Oh, 36, had collaborated here and there with both Iyer and Sorey before also becoming a regular instructor at Banff. She said she appreciated the fluidity of the divide between instructors and students that the workshop fostered. Speaking by phone from her home in Australia, Oh recalled the poetry of how Iyer encouraged students to think about the notes they played on their instrument in relationship to the range of their own speaking voice.

Playing Iyer’s compositions, she said, can be like working out “beautiful little puzzles,” and she called Sorey an ideal teammate.

“It’s a lot of fun to tread that line between what is inbuilt in that structure and what we can sort of dialogue on, and have a conversation over that,” she said. Sorey is “so thorough with the inbuilt things in the composition, but he’ll create these sparks that you really don’t expect,” she continued. “It’s just constant energetic dialogue.”

Oh also has a knack for establishing sturdy foundations without sinking into a pattern. Playing together, she said, “We can be reactive and proactive at the same time.”

Iyer was quick to emphasize the importance of Sorey’s supportive style, calling it remarkable for an artist who has so much to say on his own terms. He described starting to nod toward one song in the middle of playing another, maybe just flicking at a phrase, and then feeling Sorey immediately dive into it, anticipating his next move, as if to catch him. “Because he hears everything, it means we can just do anything,” Iyer said.

In an interview, Sorey said he always felt “most at home in situations where it’s only three players,” describing this particular trio as “basically one organism.”

“That feeling of intimacy leads to a certain type of trust where there can be no wrong done,” he said.

The group entered the studio in 2019, but Iyer didn’t cull the tracks they’d recorded into an album until the following year, when the name “Uneasy” felt even more painfully apt. “It was under the conditions of the hell that was 2020: tragedy and loss and the political battle of the century,” he said. “Then, on the other hand, an incredible uprising of, particularly, young people fighting for justice for Black people, and for everybody. That is imagining a future.”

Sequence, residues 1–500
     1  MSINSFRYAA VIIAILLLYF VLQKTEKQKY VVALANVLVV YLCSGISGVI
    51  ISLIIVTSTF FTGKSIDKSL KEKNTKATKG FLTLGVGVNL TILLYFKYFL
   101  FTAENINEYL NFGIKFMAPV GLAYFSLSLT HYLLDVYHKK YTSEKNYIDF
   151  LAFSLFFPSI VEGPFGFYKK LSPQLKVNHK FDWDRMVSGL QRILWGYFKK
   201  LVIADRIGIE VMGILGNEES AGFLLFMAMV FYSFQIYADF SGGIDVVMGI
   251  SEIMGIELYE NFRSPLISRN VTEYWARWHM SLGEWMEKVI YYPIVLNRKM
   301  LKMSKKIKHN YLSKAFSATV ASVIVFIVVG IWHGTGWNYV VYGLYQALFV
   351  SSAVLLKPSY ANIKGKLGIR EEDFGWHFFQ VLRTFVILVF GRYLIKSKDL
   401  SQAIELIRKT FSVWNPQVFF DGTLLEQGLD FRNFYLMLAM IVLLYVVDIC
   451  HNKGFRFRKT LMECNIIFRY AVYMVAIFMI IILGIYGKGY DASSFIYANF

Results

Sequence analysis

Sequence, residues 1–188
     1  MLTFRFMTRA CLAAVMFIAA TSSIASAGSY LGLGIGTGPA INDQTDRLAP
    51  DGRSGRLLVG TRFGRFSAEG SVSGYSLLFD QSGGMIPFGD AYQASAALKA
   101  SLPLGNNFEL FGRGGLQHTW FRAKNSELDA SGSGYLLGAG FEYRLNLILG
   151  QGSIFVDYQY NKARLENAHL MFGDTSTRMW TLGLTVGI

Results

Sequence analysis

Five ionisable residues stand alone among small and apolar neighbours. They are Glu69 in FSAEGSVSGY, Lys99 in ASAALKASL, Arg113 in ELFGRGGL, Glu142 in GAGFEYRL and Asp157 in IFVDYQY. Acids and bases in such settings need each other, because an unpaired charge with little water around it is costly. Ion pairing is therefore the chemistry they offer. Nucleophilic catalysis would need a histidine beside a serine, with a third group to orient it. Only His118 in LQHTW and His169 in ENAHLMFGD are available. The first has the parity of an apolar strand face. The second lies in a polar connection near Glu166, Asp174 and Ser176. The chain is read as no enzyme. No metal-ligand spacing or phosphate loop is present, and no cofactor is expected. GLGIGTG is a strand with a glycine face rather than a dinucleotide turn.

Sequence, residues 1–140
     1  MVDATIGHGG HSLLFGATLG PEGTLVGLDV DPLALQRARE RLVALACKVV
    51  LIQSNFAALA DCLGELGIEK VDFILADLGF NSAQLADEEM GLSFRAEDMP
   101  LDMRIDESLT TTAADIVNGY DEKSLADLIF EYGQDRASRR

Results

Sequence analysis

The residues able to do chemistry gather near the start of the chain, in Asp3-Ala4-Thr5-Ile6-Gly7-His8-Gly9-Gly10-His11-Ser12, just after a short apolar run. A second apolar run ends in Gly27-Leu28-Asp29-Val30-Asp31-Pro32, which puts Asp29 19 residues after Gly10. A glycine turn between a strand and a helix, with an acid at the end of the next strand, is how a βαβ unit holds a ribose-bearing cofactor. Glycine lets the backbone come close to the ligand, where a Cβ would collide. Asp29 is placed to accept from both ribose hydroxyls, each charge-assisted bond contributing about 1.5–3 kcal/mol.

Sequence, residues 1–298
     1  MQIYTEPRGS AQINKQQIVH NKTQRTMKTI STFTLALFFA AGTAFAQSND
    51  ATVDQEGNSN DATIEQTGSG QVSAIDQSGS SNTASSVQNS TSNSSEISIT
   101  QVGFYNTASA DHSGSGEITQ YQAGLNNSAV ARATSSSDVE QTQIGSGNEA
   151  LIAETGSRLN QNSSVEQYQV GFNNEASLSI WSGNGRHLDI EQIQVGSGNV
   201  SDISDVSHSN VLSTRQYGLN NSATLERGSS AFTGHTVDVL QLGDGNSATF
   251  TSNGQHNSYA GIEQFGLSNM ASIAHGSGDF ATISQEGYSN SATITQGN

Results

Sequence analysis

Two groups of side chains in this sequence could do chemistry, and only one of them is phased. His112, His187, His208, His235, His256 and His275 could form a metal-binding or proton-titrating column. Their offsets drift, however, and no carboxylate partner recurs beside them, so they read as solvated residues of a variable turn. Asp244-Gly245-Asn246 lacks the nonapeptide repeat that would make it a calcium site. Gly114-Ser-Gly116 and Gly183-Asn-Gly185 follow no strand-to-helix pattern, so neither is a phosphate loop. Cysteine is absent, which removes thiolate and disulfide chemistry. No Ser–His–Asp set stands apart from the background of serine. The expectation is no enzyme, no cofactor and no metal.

Some of the song titles speak to this theme: “Children of Flint” refers to the water crisis in Michigan; “Combat Breathing” was composed in 2014 in solidarity with Black Lives Matter activists, and presented as part of a “die-in” at the Brooklyn Academy of Music. But so do the sounds themselves — tetchy and bristling, while evincing an inspiring level of unity and compassion.

When it came time to choose the cover art for the album, Iyer rejected nearly a dozen suggestions from Manfred Eicher, the head of ECM Records, before settling on a black-and-white double-exposure by the Korean photographer Woong Chul An. It shows the Statue of Liberty, blurry and gray, seemingly caught between the clouds in the sky and another puff of clouds hanging just above the sea.

“When I saw it, I didn’t know how to feel about it,” Iyer said. “For one thing, what does it mean for me to have this on my album cover? What does this even represent?”

Ultimately, he was attracted to the hazy ambivalence that the image conveys. “This one is a distant image of the Statue of Liberty, not as this looming prideful symbol but as almost what looks like this rejected figure,” he said, pointing to the fact that France had offered the statue to the United States in celebration of the end of chattel slavery here.

“As this symbol tends to represent freedom in America, it is also tied to abolition,” he said. “So the fact that those concepts are bound is, I felt, important to highlight. They seemed to sit in an uneasy relation to one another, freedom and its opposite.”